Even $85 barrel is a substantial increase from the $38/barrel price in November 2020 when Joe Biden beat Donald Trump. Almost all the rise in oil prices is because of a post-pandemic increase in demand and a decrease in supply. US oil production was 12,289,000 barrels/day in pre-pandemic year 2019. In 2021 our production was down to 11,188,000 barrels/day. It is no secret that Biden’s policy has been to discourage US production. That policy worked, in part because the major oil companies are happy to play green and keep their oil in the ground (worked great for them) while the wildcatters who typically drill fast and force prices down have been stymied by pressure against investment in fossil fuels and a hostile regulatory environment.

Europe also declined to drill and instead pretended to be green by increasingly outsourcing energy supply to Russia. Russia might not have dared to invade Ukraine if world oil were still selling at $38 because Russia’s price of production, factoring in corruption, is probably close to $40. Once world prices more than doubled to $89 just before the invasion, Russian profit went from close to nothing per barrel to $49. That why the ruble rose instead of falling in response to western sanctions and that extra revenue has so far financed Russia’s invasion (as well as emboldening Iran).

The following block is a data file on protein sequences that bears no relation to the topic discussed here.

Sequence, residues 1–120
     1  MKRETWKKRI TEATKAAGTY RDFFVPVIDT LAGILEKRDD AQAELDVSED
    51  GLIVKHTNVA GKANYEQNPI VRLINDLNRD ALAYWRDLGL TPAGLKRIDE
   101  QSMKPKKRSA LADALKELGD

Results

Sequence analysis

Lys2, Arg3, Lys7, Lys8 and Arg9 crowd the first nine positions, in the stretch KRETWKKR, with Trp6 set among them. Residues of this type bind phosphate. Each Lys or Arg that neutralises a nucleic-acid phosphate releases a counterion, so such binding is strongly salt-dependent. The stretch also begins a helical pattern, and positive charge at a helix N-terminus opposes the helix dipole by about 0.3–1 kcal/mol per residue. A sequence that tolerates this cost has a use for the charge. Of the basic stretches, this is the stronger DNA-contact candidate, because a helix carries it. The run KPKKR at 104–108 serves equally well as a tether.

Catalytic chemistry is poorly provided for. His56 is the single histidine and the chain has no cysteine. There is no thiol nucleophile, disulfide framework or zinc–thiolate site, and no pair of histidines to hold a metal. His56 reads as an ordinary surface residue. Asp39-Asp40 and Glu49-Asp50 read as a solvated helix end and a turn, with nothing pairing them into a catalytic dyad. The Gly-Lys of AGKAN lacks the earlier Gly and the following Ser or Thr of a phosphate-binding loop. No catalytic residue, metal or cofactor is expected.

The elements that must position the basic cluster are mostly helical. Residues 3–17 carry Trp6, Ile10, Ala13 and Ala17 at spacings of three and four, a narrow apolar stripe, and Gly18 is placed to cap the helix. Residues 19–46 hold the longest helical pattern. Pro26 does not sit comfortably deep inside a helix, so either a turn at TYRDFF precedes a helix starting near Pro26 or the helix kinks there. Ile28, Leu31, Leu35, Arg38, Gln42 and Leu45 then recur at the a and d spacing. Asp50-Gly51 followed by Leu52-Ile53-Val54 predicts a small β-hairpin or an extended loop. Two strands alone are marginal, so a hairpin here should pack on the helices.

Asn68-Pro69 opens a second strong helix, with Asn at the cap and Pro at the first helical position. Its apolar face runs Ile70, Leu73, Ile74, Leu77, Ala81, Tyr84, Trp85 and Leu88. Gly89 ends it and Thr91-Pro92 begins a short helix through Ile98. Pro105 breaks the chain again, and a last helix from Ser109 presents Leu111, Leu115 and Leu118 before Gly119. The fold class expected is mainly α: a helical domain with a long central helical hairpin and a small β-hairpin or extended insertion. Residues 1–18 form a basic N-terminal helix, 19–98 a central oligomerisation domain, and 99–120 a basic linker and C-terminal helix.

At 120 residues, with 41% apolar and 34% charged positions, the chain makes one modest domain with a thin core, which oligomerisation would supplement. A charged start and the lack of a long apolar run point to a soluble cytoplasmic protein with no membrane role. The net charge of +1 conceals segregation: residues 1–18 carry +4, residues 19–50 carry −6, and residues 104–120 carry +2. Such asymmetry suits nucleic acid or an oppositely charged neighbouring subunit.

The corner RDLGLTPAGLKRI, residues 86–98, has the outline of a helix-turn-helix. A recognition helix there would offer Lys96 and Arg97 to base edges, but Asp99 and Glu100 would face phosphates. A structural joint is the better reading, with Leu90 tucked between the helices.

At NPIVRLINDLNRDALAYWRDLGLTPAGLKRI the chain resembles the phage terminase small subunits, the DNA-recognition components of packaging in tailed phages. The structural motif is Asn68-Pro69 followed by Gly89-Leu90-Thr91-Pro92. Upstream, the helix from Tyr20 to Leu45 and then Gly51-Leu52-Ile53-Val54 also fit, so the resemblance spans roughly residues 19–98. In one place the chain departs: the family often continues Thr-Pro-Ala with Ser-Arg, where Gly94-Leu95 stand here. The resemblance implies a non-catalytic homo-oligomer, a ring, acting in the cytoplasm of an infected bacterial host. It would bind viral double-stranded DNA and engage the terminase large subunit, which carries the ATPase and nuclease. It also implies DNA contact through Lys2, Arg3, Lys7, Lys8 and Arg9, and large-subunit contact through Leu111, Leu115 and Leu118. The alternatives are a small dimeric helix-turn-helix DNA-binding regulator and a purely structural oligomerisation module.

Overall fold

US oil production is now slowly increasing but still hasn’t reached pre-pandemic levels. Why should oil companies invest in increased production when the administration is both protecting them from competition and slow rolling both leasing and permitting? Biden went begging to Saudi Arabia for more production. Before the invasion, he even asked Russia to produce more. Now the strategic reserve is at record low levels; even Manchin’s mild permitting reforms have been sunk by politics; and OPEC Pus has given Biden a middle-finger answer: “We’re going to cut production further to drive prices higher!” Higher prices will give them more net profit even though the volume of sales will be down.

Let’s push prices down to $40. Here are the short term actions to take:

  1. Accelerate leasing on public lands but only to those who promise to drill immediately on new and old leaseholds, otherwise majors will just add to their reserves in the ground.
  2. Expedite electric grid, renewable, pipeline and drilling permitting by agencies and set a time limit on legal appeals against granted permits without lowering environmental standards (essentially what Manchin proposed). To the extent that renewables can substitute for fossil fuels, the price of fossil fuels goes down. Expedited permitting should favor those who will build immediately.